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I was recently reading a question regarding protecting your 401K from stock market drops and I got me a bit more curious about timing the market.

We know that at some point there will be a large stock market drop when the next big issue/correction arises and based on my observations will almost certainly bottom out 2-5 years after that, but never sooner.

If I could correctly guess (within a small margin of error) where the peak was and shifted my 401K funds into something like a cash account (not withdrawing) and then shifted it all back into funds after a couple of years, is there a downside?

As I see it: If the market is near bottom when I move back in, I am getting in at the best time; if it still has three more years of falling, I would still be better off than I was had I kept it in. Is there something I'm not considering?

I understand that timing the market is difficult if not impossible. I'm just trying to figure out if there is a hidden cost to successfully doing this like a tax or penalty or something.

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    If it was that easy to guess when the peak was, don't you think everyone would be doing it? What criteria would you use? – topshot Mar 28 at 18:04
  • It's easy to say when you would have moved in hindsight. Much harder to pull the trigger looking forward. ;) As said in an answer you can't afford to miss many of the big up days. – topshot Mar 28 at 19:19
  • @UnhandledExcepSean The US has experienced 10 years of growth so if traditional patterns still hold, we are overdue for a correction. On top of that you have rising political risks (trade war, impeachment, budgetary crisis, etc), it's not unreasonable to think that correction is coming. – ventsyv Mar 28 at 19:22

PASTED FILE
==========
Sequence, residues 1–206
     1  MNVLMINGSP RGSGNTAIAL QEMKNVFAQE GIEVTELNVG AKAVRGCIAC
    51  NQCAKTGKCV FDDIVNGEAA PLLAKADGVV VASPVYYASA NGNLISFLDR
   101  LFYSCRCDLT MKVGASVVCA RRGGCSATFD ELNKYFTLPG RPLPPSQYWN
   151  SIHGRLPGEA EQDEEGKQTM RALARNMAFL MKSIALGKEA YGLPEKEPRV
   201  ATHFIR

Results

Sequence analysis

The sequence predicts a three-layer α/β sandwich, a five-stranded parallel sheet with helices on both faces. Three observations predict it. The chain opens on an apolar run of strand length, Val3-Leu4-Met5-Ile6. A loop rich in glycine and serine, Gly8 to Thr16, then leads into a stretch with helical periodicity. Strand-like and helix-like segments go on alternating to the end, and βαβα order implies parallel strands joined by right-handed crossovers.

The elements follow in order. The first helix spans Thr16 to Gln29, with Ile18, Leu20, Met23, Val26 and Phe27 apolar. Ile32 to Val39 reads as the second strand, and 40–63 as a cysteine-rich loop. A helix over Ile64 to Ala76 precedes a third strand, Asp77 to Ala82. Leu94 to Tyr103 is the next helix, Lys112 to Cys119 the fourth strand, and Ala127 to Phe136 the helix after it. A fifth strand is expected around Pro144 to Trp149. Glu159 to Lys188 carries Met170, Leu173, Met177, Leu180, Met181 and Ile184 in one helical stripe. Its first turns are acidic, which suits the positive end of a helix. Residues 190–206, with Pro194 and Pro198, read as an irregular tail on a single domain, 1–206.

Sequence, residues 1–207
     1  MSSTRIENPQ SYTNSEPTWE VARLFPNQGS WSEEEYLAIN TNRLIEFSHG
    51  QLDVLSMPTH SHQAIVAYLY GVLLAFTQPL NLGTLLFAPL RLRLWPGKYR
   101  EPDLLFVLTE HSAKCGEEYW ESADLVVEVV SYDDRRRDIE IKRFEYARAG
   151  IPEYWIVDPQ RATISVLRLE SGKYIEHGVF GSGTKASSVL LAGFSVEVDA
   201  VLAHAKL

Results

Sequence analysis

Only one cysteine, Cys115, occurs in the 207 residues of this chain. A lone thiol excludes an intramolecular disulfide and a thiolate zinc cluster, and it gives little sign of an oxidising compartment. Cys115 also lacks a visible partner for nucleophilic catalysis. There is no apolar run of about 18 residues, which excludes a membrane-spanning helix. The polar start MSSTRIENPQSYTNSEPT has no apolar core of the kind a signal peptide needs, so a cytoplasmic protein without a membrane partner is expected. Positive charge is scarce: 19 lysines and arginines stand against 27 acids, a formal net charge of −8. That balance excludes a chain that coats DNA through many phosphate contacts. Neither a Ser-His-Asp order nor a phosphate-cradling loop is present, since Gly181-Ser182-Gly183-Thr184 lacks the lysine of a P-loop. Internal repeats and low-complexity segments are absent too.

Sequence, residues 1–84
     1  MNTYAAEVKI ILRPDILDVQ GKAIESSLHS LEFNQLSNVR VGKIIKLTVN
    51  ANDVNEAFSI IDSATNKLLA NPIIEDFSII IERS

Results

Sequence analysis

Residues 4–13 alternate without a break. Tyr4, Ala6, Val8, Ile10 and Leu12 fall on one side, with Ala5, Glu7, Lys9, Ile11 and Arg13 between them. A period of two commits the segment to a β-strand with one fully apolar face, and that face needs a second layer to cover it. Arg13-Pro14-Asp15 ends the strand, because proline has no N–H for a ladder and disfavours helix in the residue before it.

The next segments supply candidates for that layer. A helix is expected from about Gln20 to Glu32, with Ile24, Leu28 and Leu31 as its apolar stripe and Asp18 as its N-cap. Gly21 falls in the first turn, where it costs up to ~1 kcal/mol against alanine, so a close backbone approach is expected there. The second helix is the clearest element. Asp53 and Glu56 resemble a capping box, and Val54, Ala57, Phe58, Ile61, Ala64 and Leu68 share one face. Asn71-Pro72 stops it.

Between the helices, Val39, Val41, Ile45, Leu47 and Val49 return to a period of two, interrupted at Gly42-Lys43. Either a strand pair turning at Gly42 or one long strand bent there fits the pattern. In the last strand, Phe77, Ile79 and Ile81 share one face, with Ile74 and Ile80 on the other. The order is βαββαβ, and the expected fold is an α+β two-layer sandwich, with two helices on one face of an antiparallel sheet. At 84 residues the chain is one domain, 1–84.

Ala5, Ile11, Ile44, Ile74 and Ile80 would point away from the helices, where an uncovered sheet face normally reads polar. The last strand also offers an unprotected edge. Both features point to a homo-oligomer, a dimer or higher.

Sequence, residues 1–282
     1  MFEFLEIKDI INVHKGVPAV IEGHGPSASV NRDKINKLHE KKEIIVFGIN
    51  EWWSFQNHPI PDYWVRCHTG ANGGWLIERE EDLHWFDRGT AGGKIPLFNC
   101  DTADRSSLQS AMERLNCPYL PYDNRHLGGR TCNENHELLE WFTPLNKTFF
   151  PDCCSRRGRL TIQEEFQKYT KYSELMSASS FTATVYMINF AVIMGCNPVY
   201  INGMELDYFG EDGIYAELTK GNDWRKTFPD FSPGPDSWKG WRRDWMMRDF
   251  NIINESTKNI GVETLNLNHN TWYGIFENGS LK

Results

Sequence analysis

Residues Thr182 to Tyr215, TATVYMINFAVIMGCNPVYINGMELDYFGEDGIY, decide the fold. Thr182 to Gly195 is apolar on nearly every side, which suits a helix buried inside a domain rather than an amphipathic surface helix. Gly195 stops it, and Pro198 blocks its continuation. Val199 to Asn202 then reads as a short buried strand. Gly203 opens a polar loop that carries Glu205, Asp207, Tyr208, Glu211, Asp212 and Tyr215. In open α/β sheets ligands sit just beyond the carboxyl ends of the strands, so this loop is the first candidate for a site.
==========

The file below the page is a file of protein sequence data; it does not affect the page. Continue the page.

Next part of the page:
• "If I could correctly guess (within a small margin of error) where the peak was" - Consider that if this were possible, someone would already be doing just that - and not with thousands, but with billions of dollars. – void_ptr Mar 28 at 19:23
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    Obligatory link: qz.com/487013/… – TTT Mar 28 at 19:49
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There is not a hidden cost or tax penalty in a tax advantaged account like your 401(k).

Something that you are not considering is the option of allocating a portfolio with other assets like US treasury bonds that tend increase during a stock market correction. If you rebalance your portfolio regularly you can come out even further ahead with lower risk.

The biggest risk of timing the market is missing out on the gains if the market moves up instead of down while your portfolio is all cash.

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If I could correctly guess

You can't, that's the problem.

With this in mind, I keep a 10% allocation to the money market fund. When I feel the market has hit a correction, reallocate the cash in to the other positions. But I would really stay away from pulling funds out of the market. All it takes is missing something like the 10 biggest up days to completely miss the year's gain.